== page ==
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Young people in Georgia on the brink of reshaping political landscape; Garland faces down GOP attacks over Hunter Biden inquiry; rural Iowa declared 'ambulance desert.'

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McConnell warns government shutdowns are "a loser for Republicans," Schumer takes action to sidestep Sen. Tuberville's opposition to military appointments, and advocates call on Connecticut governor to upgrade election infrastructure.

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An Indigenous project in South Dakota seeks to protect tribal data sovereignty, advocates in North Carolina are pushing back against attacks on public schools, and Arkansas wants the hungriest to have access to more fruits and veggies.

Reentry Poses Challenges for West Virginians' Life After Prison

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Thursday, February 23, 2023   

West Virginians released from prison are not allowed to vote until their parole or probation period is over and their sentence is complete.

Since people can be placed on parole in some cases for up to ten years for low-level offenses, criminal justice advocates said they are effectively barred from civic participation, even as they get jobs and resume community life.

Ashley Omps, criminal justice advocate for the group West Virginia Family of Convicted People, said Senate Bill 235, which restores the right to vote upon physical release from prison, would streamline the process of helping more people become part of their communities.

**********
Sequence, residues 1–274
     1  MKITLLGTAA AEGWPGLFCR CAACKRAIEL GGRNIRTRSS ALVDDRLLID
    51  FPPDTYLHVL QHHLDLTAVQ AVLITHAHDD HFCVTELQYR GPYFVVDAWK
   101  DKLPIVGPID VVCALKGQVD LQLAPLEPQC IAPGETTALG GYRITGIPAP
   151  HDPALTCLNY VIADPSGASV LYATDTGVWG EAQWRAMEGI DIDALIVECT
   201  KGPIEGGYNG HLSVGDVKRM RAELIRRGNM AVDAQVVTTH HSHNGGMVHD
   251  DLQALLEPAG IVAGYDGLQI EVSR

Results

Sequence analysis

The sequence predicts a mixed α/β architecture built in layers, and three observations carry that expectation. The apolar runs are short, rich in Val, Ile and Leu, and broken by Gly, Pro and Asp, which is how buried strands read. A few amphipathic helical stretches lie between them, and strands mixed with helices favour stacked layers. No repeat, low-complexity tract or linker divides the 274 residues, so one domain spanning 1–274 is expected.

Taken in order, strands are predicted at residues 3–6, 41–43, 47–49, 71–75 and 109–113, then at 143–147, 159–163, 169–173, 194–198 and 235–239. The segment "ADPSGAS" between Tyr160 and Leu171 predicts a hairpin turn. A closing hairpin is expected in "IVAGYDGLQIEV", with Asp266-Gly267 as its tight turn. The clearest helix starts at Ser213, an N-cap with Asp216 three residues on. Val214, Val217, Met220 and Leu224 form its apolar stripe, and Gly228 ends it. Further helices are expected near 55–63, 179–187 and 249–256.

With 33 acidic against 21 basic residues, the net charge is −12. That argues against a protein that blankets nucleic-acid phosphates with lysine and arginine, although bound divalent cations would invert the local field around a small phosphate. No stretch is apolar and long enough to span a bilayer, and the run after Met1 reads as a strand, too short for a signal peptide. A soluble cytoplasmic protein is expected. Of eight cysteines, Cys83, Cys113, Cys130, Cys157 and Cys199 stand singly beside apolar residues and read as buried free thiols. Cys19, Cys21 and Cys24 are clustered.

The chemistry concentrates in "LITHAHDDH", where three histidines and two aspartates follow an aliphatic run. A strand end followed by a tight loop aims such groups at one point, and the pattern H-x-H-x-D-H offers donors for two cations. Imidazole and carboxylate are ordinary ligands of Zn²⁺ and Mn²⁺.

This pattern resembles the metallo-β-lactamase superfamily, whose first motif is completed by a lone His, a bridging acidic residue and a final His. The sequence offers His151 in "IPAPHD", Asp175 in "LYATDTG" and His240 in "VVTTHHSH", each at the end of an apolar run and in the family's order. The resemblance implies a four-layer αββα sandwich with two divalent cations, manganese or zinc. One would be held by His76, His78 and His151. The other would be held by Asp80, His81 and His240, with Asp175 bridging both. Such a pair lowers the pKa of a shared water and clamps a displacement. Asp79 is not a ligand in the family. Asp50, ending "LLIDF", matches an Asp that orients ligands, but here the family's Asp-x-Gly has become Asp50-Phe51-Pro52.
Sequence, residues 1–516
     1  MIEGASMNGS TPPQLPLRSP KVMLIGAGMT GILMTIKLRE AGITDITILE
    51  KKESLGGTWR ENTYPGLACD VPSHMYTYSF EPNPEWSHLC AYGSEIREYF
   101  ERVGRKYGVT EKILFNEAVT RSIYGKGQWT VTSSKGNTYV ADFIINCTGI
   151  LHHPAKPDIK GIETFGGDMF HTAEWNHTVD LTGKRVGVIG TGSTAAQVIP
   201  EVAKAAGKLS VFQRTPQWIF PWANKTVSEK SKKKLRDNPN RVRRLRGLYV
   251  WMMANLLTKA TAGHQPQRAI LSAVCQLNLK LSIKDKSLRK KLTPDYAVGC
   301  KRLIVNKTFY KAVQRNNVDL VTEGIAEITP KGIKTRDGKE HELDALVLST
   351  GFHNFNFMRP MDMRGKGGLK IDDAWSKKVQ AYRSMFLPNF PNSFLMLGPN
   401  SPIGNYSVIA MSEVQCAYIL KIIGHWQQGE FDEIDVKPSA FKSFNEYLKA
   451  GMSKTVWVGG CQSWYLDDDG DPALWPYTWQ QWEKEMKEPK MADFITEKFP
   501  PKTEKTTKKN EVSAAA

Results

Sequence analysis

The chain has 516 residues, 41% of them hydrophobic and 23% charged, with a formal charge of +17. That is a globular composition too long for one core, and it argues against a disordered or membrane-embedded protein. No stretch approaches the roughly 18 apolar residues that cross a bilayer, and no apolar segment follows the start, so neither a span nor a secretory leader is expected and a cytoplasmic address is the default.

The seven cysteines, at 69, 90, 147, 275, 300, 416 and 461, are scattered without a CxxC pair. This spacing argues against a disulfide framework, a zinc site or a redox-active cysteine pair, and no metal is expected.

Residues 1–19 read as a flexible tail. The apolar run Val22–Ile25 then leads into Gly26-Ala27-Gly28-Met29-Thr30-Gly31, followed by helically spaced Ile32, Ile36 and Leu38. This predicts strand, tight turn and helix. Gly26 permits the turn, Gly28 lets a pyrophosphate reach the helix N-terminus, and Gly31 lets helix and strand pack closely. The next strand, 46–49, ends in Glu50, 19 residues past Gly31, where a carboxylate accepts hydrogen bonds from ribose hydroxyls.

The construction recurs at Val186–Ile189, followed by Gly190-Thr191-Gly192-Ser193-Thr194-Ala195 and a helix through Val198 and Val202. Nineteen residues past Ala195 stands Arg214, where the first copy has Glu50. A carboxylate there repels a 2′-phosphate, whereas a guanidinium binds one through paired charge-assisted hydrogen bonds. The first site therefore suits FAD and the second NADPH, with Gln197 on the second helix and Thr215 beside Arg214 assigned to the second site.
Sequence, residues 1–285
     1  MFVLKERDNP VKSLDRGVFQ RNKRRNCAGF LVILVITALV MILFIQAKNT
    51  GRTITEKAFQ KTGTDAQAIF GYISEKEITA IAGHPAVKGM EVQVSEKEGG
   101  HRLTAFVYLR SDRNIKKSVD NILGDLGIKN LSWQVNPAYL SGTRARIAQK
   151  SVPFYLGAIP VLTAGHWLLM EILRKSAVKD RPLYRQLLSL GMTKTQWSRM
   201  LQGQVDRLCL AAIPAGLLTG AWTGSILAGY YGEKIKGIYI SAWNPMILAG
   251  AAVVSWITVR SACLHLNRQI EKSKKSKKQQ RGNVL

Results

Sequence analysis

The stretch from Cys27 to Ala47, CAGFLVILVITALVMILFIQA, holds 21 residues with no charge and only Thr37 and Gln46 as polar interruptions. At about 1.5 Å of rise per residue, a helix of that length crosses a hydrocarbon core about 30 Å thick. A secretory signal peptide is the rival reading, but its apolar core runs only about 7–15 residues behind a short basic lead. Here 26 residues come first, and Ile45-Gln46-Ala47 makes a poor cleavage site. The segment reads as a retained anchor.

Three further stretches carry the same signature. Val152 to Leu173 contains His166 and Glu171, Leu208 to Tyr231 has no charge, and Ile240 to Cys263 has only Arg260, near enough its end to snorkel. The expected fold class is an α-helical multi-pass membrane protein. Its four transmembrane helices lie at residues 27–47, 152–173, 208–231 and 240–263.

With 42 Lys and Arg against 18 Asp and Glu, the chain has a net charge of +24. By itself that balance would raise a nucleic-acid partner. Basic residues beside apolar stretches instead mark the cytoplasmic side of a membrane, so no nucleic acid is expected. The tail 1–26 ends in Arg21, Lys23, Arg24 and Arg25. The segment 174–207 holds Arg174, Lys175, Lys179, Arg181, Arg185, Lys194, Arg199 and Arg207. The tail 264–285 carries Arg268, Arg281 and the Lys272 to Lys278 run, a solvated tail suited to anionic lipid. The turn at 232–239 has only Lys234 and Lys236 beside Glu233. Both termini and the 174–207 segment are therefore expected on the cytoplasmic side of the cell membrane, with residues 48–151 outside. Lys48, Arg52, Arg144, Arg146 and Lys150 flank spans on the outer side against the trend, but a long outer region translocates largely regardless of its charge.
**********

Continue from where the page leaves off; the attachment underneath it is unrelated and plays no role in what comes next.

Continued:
"If you are reintegrated back out into society, after serving your sentence, probation and parole, you're paying taxes and working, and you're technically a part of society again," Omps asserted. "We just feel like it's your right to be able to vote."

The state also is taking action to reduce its prison population. Lawmakers recently passed Senate Bill 232, which would help divert people with serious mental illness, developmental disabilities and substance use disorders from incarceration, and into appropriate community behavioral-health settings. The bill creates a statewide study group to develop recommendations.

Kenny Matthews, criminal justice advocate for the American Friends Service Committee, said another tool to reduce the number of people in prison is known as earned compliance credit. It is a system which creates "credits" or incentives based on earning a college degree, or other positive actions after prison, resulting in reduced supervision time.

West Virginia lawmakers are considering it, in House Bill 3445, which Matthews argued would benefit communities.

"So, you have the ability to incentivize people to do what's right and what they should do, as well as a mechanism to reduce the caseload and the incarceration rate," Matthews explained.

Research shows states like Maryland and New York have saved money by implementing earned compliance credits.


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